Speaker, author, and former atheist Udo Middelmann, president of the Francis A. Schaeffer Foundation, writes:
The assumption that God is behind all things happening, behind the earthquake in Haiti, Katrina’s destruction in New Orleans, and catastrophes as large as the Tsunami or as little as a household accident, is built on the view of a closed system universe.
There is an effect: therefore there must be a cause. True, but who or what is the cause?
If there is a single cause, there is no distinction between good and evil. If there are many possible causes, we do well to discern and oppose the destructive ones.
To blame historic Christianity’s God is not justified in light of Scripture and the person and life of Jesus. The Bible speaks of a world which now gives God grief, where people and nature are not "at peace," and where God interferes precisely because, as the Lord’s Prayer tells us, His will is not yet being done "on earth as it is in heaven." God sent prophets because what people did was in opposition to the will of God, not in concurrence with it.
Likewise, Jesus, who is God in the flesh and the exact image of the Father, does not walk about holding people’s hands in their misfortunes and accompany them through misery. Instead he aggressively opposes sickness, false teaching, vile government, and death itself.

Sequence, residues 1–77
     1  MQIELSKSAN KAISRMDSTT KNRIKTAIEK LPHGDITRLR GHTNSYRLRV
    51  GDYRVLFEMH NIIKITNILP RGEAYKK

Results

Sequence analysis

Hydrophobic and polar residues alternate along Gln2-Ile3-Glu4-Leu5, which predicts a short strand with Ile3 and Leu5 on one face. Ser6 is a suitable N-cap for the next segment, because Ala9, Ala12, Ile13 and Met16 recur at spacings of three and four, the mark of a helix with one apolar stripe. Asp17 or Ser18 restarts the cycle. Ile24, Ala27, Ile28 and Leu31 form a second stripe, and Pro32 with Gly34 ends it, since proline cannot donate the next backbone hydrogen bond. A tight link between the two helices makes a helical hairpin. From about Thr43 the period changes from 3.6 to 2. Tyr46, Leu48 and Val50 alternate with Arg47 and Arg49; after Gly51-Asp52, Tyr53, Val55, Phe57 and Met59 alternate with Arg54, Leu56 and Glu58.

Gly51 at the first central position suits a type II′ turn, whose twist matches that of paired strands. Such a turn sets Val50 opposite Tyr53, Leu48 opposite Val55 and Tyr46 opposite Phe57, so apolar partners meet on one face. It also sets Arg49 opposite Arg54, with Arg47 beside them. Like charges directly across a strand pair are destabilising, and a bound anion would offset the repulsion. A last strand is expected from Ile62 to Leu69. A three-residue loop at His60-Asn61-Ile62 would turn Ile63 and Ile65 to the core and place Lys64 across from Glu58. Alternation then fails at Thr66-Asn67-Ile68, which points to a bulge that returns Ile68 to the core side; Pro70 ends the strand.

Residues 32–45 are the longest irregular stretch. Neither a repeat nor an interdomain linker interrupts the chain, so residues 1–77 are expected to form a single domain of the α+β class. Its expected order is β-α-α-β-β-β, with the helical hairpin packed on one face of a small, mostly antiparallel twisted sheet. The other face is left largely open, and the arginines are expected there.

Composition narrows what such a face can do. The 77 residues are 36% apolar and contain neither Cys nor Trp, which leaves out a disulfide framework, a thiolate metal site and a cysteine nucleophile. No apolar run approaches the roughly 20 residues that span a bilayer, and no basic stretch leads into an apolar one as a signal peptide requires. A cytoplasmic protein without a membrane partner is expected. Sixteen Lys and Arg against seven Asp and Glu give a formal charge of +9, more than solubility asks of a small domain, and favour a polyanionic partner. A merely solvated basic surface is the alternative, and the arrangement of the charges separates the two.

Where other religions and secular philosophies start with the assumption of the normality of things and events, as sad as they are, God describes a sickening abnormality in his creation and acts, speaks, protests, and encourages us to do likewise.
There is no fatalism in Jewish and Christian teaching, though many times it seems to be in the language and explanations believers use to erroneously comfort themselves. There is the sound of false piety from what is in fact a total contradiction to what Jesus taught and did.
The faith and hope that God’s sovereignty is expressed in every event is something for the future.
For the time being, Haiti, Tsunami, Katrina, and your child falling out of a swing are things you should be upset about. We should not settle into acceptance, but rise for energetic and healing intervention to prevent each and recurrent tragedies.
For a more thorough development of these ideas you may want to consult my book The Innocence of God.
In addition to his work at the Francis A. Schaeffer Foundation, Middelmann is also visiting professor of philosophy at The King's College in New York City. For more information, please contact Middelmann at The Francis A. Schaeffer Foundation, CH – 1882 Gryon, Switzerland.